Canada continues discrimination against First Nations children
Federal government’s failure to comply with Canadian Human Rights Tribunal ruling at issue next week during United Nations review.
Prominent Canadian child welfare and human rights organizations want the United Nations’ top body for combatting racism to take the federal government to task over its persistent failure to ensure that First Nations children have fair and equitable access to the care and support they need.
On August 14 and 15th Canadian government officials will appear before the independent expert body that oversees compliance with the Convention on the Elimination of Racial Discrimination. In past reviews, the Committee has raised concerns the disproportionately large numbers of First Nations children who are being placed in state care away from their families and cultures.
“There’s now more reason than ever for the Committee on the Elimination of Racial Discrimination to be concerned over Canada’s treatment of First Nations kids,” said Dr. Cindy Blackstock of the First Nations Child and Family Caring Society. “The federal government is now actively resisting four orders from the Canadian Human Rights Tribunal requiring that it stop discriminating against First Nations families and children. These kids need all the help they can get from the international community to pressure the Canadian government to do the right thing.”
Photo CC-BY Girl Guides of Canada/Flickr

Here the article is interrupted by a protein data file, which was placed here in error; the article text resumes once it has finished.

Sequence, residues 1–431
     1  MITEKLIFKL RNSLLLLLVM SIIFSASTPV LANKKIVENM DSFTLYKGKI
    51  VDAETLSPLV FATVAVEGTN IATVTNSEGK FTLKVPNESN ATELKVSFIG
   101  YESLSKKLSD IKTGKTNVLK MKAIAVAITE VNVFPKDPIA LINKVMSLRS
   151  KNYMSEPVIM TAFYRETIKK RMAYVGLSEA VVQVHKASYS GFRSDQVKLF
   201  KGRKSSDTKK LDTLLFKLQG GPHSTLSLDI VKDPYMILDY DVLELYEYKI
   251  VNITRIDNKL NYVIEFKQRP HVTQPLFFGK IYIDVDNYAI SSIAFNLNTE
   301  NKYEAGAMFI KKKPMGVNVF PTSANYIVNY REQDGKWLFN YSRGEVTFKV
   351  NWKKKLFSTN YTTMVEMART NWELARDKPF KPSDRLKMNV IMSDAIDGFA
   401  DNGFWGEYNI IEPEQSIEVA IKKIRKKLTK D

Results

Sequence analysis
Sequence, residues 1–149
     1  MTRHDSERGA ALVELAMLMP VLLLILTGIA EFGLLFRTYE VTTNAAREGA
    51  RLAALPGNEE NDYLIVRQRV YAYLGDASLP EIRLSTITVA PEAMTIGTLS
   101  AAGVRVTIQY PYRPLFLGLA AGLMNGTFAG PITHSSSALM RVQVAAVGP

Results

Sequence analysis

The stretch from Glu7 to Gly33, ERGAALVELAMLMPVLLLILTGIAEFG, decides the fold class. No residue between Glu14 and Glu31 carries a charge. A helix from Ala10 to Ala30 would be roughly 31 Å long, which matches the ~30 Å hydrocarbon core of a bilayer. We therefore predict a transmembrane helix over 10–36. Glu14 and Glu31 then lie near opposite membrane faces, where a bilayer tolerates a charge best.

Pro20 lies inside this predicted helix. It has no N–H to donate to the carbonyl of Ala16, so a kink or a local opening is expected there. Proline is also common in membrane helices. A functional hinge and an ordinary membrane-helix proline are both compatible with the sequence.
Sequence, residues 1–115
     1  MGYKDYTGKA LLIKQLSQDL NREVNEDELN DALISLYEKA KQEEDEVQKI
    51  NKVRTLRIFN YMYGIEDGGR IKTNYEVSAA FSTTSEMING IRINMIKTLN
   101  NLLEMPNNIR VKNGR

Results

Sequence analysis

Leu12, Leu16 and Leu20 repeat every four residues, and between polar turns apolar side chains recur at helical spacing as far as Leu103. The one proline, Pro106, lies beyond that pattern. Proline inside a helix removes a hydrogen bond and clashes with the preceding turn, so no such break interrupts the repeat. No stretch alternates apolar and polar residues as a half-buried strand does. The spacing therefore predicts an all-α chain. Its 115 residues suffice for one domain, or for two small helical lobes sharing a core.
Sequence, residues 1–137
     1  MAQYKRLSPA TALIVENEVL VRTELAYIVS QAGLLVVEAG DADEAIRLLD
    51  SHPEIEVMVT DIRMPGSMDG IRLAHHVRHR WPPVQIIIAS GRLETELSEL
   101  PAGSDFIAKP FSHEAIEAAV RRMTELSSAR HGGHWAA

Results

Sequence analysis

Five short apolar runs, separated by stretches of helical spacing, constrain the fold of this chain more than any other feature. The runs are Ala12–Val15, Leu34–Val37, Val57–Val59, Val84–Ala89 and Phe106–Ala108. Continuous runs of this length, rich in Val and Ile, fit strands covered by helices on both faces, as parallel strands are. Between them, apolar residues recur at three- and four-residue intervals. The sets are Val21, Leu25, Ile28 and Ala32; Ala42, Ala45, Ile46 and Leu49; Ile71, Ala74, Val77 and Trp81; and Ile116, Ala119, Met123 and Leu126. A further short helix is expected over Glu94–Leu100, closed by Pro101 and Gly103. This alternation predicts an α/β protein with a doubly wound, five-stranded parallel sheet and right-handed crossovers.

In January 2016, the Canadian Human Rights Tribunal concluded that the persistent underfunding of family services on reserves, along with other barriers to First Nations kids on and off reserve getting the care and support they need, is a form of racial discrimination.
The Tribunal has since made three rulings that the federal government has not complied with its orders to end this discrimination. The federal government is now trying now to appeal the latest compliance order.
Submissions to the UN Committee on the Elimination of Racial Discrimination from groups including the First Nations Child and Family Caring Society, Amnesty International, Children First Canada, KAIROS, Oxfam Canada say that Canada is violating its international human rights obligations both by continuing to discriminate against 165,000 First Nations children and by undermining the national human rights system that is meant to protect against such discrimination.
“There’s good reason that access to justice is the bedrock of international human rights protections such as the Convention on the Elimination of All Forms of Racial Discrimination,” said Alex Neve, Secretary General of Amnesty International Canada. “It’s not enough for governments to simply promise to uphold human rights. People whose lives and well-being are at risk need to have access to fair, reliable and timely remedies when governments break their commitments. That’s what is at stake when the federal government refuses to comply with the Tribunal’s ruling.”
KAIROS Executive Director Jennifer Henry said, “It’s been ten years since this case first went to the Canadian Human Rights Tribunal. Some of the children whose rights were at stake when the case first began are now considered adults and there’s still no end in sight. That’s not justice. And if the federal government can’t see that for itself, we need the UN to remind Canada what justice means.”
Naveen Mehta, General Counsel, United Food and Commercial Workers Canada, said, “As the Canadian government prepares for an appearance in Geneva next week to defend its record with respect to combatting racial discrimination, the government has a perfect opening and opportunity to demonstrate full and complete compliance with the Human Rights Tribunal ruling in a manner satisfactory to the Tribunal.”
First Nations Child and Family Caring Society